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Evolution and Diversity of Plant Cell Walls: From Algae to Flowering Plants

Overview of attention for article published in Annual Review of Plant Biology, June 2011
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About this Attention Score

  • In the top 25% of all research outputs scored by Altmetric
  • High Attention Score compared to outputs of the same age (80th percentile)
  • Above-average Attention Score compared to outputs of the same age and source (58th percentile)

Mentioned by

twitter
2 tweeters
wikipedia
5 Wikipedia pages
q&a
1 Q&A thread

Citations

dimensions_citation
380 Dimensions

Readers on

mendeley
704 Mendeley
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Title
Evolution and Diversity of Plant Cell Walls: From Algae to Flowering Plants
Published in
Annual Review of Plant Biology, June 2011
DOI 10.1146/annurev-arplant-042110-103809
Pubmed ID
Authors

Zoë A. Popper, Gurvan Michel, Cécile Hervé, David S. Domozych, William G.T. Willats, Maria G. Tuohy, Bernard Kloareg, Dagmar B. Stengel

Abstract

All photosynthetic multicellular Eukaryotes, including land plants and algae, have cells that are surrounded by a dynamic, complex, carbohydrate-rich cell wall. The cell wall exerts considerable biological and biomechanical control over individual cells and organisms, thus playing a key role in their environmental interactions. This has resulted in compositional variation that is dependent on developmental stage, cell type, and season. Further variation is evident that has a phylogenetic basis. Plants and algae have a complex phylogenetic history, including acquisition of genes responsible for carbohydrate synthesis and modification through a series of primary (leading to red algae, green algae, and land plants) and secondary (generating brown algae, diatoms, and dinoflagellates) endosymbiotic events. Therefore, organisms that have the shared features of photosynthesis and possession of a cell wall do not form a monophyletic group. Yet they contain some common wall components that can be explained increasingly by genetic and biochemical evidence.

Twitter Demographics

The data shown below were collected from the profiles of 2 tweeters who shared this research output. Click here to find out more about how the information was compiled.

Mendeley readers

The data shown below were compiled from readership statistics for 704 Mendeley readers of this research output. Click here to see the associated Mendeley record.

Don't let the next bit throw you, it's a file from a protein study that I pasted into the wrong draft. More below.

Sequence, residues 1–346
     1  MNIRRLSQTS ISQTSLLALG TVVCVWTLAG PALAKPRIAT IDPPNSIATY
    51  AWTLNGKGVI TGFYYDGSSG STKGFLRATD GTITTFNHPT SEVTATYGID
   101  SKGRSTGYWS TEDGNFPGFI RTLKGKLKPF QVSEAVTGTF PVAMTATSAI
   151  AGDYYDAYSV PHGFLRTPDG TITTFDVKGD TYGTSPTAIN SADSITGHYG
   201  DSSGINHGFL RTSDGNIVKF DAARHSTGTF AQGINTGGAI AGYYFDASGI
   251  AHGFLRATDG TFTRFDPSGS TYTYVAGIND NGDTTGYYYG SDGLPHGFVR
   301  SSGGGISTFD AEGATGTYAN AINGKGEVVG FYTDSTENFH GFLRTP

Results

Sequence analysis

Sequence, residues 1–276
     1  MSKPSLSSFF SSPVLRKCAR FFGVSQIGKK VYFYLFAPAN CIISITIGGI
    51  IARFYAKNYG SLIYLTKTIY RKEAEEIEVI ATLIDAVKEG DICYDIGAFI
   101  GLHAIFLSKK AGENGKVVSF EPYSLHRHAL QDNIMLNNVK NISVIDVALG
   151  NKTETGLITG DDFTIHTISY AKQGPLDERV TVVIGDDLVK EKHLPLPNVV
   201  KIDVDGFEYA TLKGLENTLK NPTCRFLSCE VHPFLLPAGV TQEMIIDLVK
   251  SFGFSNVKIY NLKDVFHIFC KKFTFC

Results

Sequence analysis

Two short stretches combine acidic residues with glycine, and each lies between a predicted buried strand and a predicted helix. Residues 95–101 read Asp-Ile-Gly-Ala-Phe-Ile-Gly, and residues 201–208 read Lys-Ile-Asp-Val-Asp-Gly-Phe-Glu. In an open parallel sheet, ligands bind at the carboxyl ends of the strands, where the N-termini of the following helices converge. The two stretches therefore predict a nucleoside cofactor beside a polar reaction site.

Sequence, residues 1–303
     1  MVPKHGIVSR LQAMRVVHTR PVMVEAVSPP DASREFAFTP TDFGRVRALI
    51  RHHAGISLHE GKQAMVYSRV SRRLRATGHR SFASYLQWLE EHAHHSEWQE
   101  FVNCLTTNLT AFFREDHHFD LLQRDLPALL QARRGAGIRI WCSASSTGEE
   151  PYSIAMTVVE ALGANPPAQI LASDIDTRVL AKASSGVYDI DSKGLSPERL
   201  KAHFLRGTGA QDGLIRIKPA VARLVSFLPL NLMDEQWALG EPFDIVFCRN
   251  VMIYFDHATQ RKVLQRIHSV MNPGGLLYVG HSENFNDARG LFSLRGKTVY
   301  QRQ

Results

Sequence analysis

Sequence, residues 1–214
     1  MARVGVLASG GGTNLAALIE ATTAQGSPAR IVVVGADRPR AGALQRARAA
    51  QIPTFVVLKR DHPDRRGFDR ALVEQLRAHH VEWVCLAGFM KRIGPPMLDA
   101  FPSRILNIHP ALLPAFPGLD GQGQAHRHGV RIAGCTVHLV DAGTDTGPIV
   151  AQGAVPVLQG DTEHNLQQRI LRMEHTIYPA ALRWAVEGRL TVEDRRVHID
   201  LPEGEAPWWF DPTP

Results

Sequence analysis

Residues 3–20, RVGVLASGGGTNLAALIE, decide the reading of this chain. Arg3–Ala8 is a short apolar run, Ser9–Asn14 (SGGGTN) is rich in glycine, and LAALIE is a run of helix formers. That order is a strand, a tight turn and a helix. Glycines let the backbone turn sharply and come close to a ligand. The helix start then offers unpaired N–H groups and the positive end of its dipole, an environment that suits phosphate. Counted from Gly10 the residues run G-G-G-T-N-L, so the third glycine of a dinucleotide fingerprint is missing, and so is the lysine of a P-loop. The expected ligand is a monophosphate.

Geographical breakdown

Country Count As %
United States 14 2%
United Kingdom 6 <1%
Portugal 5 <1%
Germany 4 <1%
Japan 3 <1%
France 3 <1%
Mexico 3 <1%
Brazil 3 <1%
Chile 2 <1%
Other 11 2%
Unknown 650 92%

Demographic breakdown

Readers by professional status Count As %
Student > Ph. D. Student 173 25%
Researcher 126 18%
Student > Master 111 16%
Student > Bachelor 52 7%
Student > Doctoral Student 42 6%
Other 132 19%
Unknown 68 10%
Readers by discipline Count As %
Agricultural and Biological Sciences 407 58%
Biochemistry, Genetics and Molecular Biology 84 12%
Environmental Science 34 5%
Chemistry 22 3%
Engineering 21 3%
Other 41 6%
Unknown 95 13%

Attention Score in Context

This research output has an Altmetric Attention Score of 7. This is our high-level measure of the quality and quantity of online attention that it has received. This Attention Score, as well as the ranking and number of research outputs shown below, was calculated when the research output was last mentioned on 28 August 2019.
All research outputs
#3,010,769
of 15,734,993 outputs
Outputs from Annual Review of Plant Biology
#153
of 372 outputs
Outputs of similar age
#2,854,637
of 14,752,075 outputs
Outputs of similar age from Annual Review of Plant Biology
#153
of 372 outputs
Altmetric has tracked 15,734,993 research outputs across all sources so far. Compared to these this one has done well and is in the 80th percentile: it's in the top 25% of all research outputs ever tracked by Altmetric.
So far Altmetric has tracked 372 research outputs from this source. They typically receive a lot more attention than average, with a mean Attention Score of 11.3. This one has gotten more attention than average, scoring higher than 58% of its peers.
Older research outputs will score higher simply because they've had more time to accumulate mentions. To account for age we can compare this Altmetric Attention Score to the 14,752,075 tracked outputs that were published within six weeks on either side of this one in any source. This one has done well, scoring higher than 80% of its contemporaries.
We're also able to compare this research output to 372 others from the same source and published within six weeks on either side of this one. This one has gotten more attention than average, scoring higher than 58% of its contemporaries.